Kay quotes John 7:37-39, which reminded me of this sermon (I learned a lot from it; I hope you'll get a chance to read it, too). She points out that the verbs in this quote mean, "Let him keep coming to Me and let him keep drinking." But it's not enough to poor on the water; we must hear the word and accept it! She encourages us to "receive what God has for you" and to meditate on this verse:

O God, you are my God, earnestly I seek you; my soul thirsts for you, my body longs for you, in a dry and weary land where there is no water. I have seen you in the sanctuary and beheld your power and your glory. Because your love is better than life, my lips will glorify you. I will praise you as long as I live, and in your name I will lift up my hands. My soul will be satisfied as with the richest of foods; with singing lips my mouth will praise you.
~ Psalm 63:1-5
More verses to study: Psalm 42:1-2; Psalm 27:4; Psalm 119:1-8; Psalm 101

If we are truly seeking righteousness, we will not only call Jesus "Lord", but we will honor Him as Lord and do His will.

Kay gives us a list of seven things we can do to increase our hunger and for righteousness.
  1. Beware of idols. Remember, idolatry can come in the form of a person, a thing, a hope, a dream, or an ambition. Set your mind on the things above, not the things on earth (Col. 3:1-2).
  2. Turn your eyes from the world. 1 John 2:15-16.
  3. Count all but Jesus as loss. Righteousness isn't just a matter of forsaking certain things, but of embracing the most important one: Christ. (Philippians 3:7-10)
  4. Pursue one goal. "You can become so busy, so involved in the work of the Lord, that you actually diminish your hunger and thirst for righteousness. Remember, doing is secondary in the Christian life. The primary thing is being." (Remember Martha & Mary!)
  5. Watch the company you keep. I'd like to add that this doesn't mean we can't go out into the world to minister and such, but as far as those we keep close to us, they should encourage and edify us, rather than pulling us away from the Lord.
  6. Keep coming to Him. I love this bit of a verse she quotes: "Why do you spend money for what is not bread, and your wages for what does not satisfy?" (See the whole verse in Isaiah 55:1-3)
  7. Receive what He gives you. Open your heart to Christ!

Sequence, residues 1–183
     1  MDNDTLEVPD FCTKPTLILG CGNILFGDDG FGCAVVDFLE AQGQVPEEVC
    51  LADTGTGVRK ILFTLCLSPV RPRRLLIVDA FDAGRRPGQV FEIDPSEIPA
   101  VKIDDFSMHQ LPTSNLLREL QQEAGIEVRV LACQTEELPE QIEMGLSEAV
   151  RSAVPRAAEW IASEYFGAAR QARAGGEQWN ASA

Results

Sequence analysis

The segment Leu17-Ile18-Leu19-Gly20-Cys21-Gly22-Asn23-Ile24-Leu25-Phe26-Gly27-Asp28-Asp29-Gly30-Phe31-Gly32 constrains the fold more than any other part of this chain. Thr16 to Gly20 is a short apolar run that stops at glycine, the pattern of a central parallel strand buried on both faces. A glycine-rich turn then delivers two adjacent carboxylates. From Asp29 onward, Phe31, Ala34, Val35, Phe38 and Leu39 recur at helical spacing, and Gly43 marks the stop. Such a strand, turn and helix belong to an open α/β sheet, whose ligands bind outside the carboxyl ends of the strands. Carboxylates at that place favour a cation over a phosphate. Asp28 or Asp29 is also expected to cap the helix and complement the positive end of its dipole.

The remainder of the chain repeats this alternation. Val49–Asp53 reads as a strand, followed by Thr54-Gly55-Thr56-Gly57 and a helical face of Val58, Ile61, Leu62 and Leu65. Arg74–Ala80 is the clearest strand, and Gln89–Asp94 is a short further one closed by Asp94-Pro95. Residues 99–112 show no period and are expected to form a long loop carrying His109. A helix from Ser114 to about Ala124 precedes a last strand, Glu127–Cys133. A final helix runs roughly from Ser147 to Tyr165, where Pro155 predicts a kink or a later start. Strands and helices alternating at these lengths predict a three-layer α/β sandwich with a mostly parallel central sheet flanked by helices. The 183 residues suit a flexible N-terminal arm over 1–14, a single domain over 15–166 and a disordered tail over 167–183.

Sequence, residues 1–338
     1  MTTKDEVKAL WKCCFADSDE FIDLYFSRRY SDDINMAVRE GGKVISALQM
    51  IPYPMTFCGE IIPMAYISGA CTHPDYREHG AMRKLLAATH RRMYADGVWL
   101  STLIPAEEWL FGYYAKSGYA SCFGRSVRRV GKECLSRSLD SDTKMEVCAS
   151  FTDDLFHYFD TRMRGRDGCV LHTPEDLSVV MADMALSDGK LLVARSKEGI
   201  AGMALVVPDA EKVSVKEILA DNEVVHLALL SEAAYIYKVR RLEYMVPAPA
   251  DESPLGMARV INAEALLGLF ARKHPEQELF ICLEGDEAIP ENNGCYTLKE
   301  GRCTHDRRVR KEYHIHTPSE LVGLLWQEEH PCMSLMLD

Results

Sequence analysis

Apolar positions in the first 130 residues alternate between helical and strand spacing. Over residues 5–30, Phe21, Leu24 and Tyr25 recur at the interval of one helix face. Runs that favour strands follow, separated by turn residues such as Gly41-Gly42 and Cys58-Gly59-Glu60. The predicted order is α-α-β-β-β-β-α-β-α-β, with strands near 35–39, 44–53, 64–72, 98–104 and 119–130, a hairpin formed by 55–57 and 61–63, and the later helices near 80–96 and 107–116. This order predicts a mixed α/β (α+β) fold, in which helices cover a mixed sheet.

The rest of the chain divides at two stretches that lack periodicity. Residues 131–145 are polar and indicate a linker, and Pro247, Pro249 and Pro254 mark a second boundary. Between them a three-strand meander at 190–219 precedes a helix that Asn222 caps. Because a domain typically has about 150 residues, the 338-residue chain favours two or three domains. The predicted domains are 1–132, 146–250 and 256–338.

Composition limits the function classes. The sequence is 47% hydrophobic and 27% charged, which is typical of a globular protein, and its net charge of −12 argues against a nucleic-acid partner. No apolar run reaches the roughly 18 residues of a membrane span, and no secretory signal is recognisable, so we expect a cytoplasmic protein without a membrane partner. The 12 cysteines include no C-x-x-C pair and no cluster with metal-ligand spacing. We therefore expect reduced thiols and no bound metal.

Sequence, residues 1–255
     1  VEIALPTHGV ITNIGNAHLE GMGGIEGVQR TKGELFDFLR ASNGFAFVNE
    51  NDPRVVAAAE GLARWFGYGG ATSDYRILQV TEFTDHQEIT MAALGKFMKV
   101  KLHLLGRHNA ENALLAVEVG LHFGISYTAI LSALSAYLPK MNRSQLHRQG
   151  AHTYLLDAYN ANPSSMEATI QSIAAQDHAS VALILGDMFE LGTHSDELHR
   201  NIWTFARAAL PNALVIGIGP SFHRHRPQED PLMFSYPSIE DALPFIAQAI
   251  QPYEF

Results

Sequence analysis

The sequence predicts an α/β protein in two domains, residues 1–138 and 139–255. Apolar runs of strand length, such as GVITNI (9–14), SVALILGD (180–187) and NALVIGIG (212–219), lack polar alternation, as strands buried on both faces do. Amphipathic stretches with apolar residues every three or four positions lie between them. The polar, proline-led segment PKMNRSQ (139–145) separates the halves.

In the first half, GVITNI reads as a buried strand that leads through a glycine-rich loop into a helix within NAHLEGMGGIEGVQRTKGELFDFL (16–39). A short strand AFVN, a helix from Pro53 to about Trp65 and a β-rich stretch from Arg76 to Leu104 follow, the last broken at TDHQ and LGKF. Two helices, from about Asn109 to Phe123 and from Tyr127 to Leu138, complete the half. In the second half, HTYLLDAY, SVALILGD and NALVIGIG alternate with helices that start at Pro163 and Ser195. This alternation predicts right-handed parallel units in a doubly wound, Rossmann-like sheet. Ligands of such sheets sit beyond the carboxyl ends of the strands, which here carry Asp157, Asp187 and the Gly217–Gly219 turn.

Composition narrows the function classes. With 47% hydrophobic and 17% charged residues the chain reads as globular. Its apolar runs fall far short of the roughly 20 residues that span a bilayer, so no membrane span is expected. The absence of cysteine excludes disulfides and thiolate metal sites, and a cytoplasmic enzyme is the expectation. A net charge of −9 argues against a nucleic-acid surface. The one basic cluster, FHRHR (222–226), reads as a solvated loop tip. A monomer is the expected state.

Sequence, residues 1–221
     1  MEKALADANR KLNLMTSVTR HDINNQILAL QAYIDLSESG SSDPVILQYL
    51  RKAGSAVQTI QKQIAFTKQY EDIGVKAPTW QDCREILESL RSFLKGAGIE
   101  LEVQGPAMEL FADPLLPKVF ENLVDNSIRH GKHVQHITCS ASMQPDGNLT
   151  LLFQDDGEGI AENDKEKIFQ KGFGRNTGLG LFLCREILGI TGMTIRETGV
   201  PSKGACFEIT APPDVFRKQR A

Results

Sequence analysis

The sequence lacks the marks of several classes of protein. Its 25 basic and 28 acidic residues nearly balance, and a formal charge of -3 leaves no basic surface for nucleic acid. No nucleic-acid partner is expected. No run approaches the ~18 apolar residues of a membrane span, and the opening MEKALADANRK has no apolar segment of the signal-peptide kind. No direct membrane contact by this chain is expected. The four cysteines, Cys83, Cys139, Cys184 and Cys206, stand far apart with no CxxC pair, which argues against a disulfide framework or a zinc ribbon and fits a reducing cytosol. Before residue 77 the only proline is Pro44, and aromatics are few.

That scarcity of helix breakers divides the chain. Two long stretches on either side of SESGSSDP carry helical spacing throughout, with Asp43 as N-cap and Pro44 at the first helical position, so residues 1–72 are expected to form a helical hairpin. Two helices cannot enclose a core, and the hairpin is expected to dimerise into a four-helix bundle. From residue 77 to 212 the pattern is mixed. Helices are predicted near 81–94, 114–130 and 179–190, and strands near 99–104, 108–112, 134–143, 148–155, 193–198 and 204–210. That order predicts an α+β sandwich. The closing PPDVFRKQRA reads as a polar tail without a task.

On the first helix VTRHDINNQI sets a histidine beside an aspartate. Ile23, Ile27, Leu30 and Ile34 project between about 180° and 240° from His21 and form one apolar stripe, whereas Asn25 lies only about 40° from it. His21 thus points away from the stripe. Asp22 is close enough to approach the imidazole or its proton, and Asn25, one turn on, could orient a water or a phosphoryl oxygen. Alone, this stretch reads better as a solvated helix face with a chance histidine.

Monday, November 17

Gray Hairs

Even to your old age and gray hairs
I am he, I am he who will sustain you.
I have made you and I will carry you;
I will sustain you and I will rescue you.
Isaiah 46:4

What a glorious, lovely truth.
I’m not old yet (what age, exactly, does one become "old" anyway?), but I have more than a few gray hairs. It’s wonderful to think that the same One who knit me together in my mother’s womb, the same One who knows exactly how many hairs are on my head (including how many gray ones!), will take care of me all my days upon this earth.

Doesn’t it bring a warm, comforting feeling to know that the God who made you will continue to sustain you? When you are too tired to go on, He’ll carry you. He’ll provide absolutely everything you need. He won’t give us everything we want, but that’s only because we are like children who want nothing but candy for every meal; as parents we know that it would only make them sick and weak–and God is a much better parent than any of us!

Saturday, November 15

Prayer of Sir Frances Drake

Thank you to my cousin Jonnia for sending me this:

Disturb us, Lord, when
We are too well pleased with ourselves,
When our dreams have come true
Because we have dreamed too little,
When we arrived safely
Because we sailed too close to the shore.

Disturb us, Lord, when
With the abundance of things we possess
We have lost our thirst
For the waters of life;
Having fallen in love with life,
We have ceased to dream of eternity
And in our efforts to build a new earth,
We have allowed our vision
Of the new Heaven to dim.

Disturb us, Lord, to
dare more boldly,
To venture on wider seas
Where storms will show your mastery;
Where losing sight of land,
We shall find the stars.
We ask You to push back
The horizons of our hopes;
And to push into the future
In strength, courage, hope, and love.

Thursday, November 13

Prayers for our Children

Angie at Bring the Rain came up with these, and I’m copying them to put here so they are that much easier for me to find. I’m also printing them out to keep handy (maybe on the fridge!). Her original post with these is here.

  1. When they wake up: “Let the morning bring (child’s name) word of your unfailing love, for she has put her trust in You. Show (her/him) the way (she/he) should go, for to you (he/she) lifts up her soul.” (Adapted from Psalm 143:8)
  2. When they are getting dressed: “Therefore, as God’s chosen child, holy and dearly loved, clothe yourself with compassion, kindness, humility, gentleness and patience. Lord, help (him/her) bear with others and forgive whatever grievances (he/she) has against others. Help (him/her) forgive as the Lord forgave (him/her). And over all these virtues, help (him/her) put on love, which binds them all together in perfect unity.” (Adapted from Colossians 3:12-14)